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Hasbro declines after setback from the collapse of Toys ‘R’ Us

Apr 23 2018 16:03
Matt Townsend, Bloomberg

New York - The demise of Toys 'R' Us took a toll on Hasbro last quarter and that isn’t likely to abate until later this year.

Hasbro posted declining sales in all business areas in the quarter, sending the shares down on Monday by the most in more than two months. The toymaker said the drop was a result of the Toys 'R' Us liquidation, as well as “uncertainty” in some operations and excess inventory in Europe.

That liquidation in the US is expected to end in the second quarter, but what happens in Europe remains to be seen, CEO Brian Goldner said on a call with analysts. The hit to sales will be less pronounced in the second half of this year, he said.

“We’re working aggressively around the world to put the impact of Toys 'R' Us behind us,” Goldner said. “Importantly, this is not something happening to our company.’

The retailer, one of Hasbro’s largest customers, filed for bankruptcy in September, had a terrible fourth quarter and then announced the liquidation of several divisions, including the US This has presented another hurdle for toymakers that were already dealing with slowing growth and concerns that the success of making so many products based off an ever-growing slate of kids entertainment is waning.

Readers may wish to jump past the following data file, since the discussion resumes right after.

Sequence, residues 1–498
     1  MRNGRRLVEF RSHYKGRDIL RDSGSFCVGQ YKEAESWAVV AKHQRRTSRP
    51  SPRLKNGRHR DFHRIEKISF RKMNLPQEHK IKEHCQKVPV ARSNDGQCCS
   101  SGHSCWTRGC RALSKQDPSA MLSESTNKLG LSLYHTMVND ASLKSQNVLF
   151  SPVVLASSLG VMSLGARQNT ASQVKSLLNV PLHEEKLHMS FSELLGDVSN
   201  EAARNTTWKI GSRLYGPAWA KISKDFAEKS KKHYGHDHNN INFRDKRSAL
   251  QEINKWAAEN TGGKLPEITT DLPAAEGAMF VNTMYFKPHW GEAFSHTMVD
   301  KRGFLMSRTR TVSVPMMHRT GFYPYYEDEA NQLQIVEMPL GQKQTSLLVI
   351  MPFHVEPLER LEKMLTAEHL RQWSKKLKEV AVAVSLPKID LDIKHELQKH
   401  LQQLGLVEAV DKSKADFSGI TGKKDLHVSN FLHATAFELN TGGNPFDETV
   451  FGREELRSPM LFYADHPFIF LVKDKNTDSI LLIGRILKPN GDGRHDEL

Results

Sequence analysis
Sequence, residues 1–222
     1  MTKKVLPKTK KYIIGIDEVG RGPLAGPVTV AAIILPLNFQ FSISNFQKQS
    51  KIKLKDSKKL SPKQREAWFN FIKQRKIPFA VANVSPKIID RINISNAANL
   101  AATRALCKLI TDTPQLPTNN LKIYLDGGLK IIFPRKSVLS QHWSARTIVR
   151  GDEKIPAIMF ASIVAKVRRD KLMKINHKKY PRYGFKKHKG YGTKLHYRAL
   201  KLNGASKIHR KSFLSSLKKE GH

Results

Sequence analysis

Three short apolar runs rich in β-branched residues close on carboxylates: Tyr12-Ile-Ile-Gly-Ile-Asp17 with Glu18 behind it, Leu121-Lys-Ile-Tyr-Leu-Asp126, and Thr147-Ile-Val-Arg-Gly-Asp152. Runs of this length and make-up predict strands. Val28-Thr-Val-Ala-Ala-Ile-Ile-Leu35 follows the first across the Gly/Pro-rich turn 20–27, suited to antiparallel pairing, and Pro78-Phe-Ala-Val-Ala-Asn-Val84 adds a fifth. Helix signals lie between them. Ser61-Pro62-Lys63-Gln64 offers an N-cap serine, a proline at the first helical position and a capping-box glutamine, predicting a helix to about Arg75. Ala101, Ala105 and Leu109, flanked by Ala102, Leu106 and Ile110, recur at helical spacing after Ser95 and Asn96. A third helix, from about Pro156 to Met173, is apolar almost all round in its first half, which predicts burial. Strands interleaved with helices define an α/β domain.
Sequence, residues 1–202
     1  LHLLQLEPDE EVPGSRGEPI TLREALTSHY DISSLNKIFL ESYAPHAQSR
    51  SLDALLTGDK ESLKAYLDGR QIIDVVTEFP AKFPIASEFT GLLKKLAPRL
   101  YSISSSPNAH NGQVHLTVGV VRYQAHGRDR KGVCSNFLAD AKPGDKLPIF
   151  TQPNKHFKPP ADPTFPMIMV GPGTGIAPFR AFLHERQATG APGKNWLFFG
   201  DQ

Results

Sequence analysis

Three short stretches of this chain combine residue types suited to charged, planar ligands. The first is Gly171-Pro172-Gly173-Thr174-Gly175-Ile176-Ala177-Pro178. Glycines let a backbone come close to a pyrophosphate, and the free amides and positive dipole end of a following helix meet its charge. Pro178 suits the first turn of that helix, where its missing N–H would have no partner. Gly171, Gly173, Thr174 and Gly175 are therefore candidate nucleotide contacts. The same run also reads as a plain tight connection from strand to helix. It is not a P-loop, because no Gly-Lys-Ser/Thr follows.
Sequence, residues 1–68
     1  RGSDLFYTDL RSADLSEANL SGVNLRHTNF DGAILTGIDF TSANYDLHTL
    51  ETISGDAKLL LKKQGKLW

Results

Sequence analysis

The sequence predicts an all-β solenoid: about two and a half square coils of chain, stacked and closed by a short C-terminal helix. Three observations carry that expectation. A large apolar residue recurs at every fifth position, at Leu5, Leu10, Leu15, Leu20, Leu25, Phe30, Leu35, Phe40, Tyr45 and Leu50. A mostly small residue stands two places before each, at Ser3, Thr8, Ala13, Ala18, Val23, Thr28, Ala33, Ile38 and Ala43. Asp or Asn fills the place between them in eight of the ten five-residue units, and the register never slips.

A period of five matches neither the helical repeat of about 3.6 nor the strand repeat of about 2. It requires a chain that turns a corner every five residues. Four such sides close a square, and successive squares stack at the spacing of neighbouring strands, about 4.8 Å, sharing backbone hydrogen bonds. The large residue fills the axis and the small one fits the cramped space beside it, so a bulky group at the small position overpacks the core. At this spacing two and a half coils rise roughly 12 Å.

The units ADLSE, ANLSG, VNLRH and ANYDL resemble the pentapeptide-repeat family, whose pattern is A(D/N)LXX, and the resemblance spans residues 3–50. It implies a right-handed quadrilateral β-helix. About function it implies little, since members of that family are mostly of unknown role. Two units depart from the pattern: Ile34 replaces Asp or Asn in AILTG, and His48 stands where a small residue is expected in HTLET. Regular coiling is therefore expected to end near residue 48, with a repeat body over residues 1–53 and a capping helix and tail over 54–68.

Shares of Hasbro dropped as much as 4.6% to $79 in New York, the biggest intraday decline since February 8. They had already slid 8.9% this year through Friday’s close.

Goldner said he expects retailers such as Walmart and Target to expand toy offerings.

Takes time

“The opportunity to absorb all of the Toys ‘R’ business is present” for our remaining retail partners,” Goldner said. “We are just building those plans to do that, but it takes some time.”

The Toys 'R' Us effect could be clearly seen in Hasbro’s results. In North America, sales sank 19%. Revenue dropped even more in Europe with a decline of 28%. The liquidation also generated expenses of $61.4m.

The world’s largest publicly traded toymaker, based in Pawtucket, Rhode Island, lost $112.5m in the quarter, versus a profit of $68.6 million a year earlier. Sales of franchise brands, which include Transformers and My Little Pony, collapsed 19% to $361.7m.

Goldner has said that revenue will take a hit this year, but declined on Monday to give more specific sales guidance. He said the company would update investors later this year.

The first quarter, which runs through March, is Hasbro’s smallest by revenue. This is usually when toymakers are rebuilding inventory for the rest of the year.

Overall sales in the period sank 16% to $716.3m, the company said. Analysts had estimated $821.2m on average. Excluding the Toys 'R' Us costs and other items, profit dropped to 10 cents a share, compared with projections for 32c.

Sales and profit grew in areas unaffected by Toys 'R' Us, including Latin America and Asia Pacific, and in the entertainment and licensing division, “suggesting the underlying business remains stable,” said Stephanie Wissink, an analyst at Jefferies. That’s “a positive indicator for 2019 growth,” she said.

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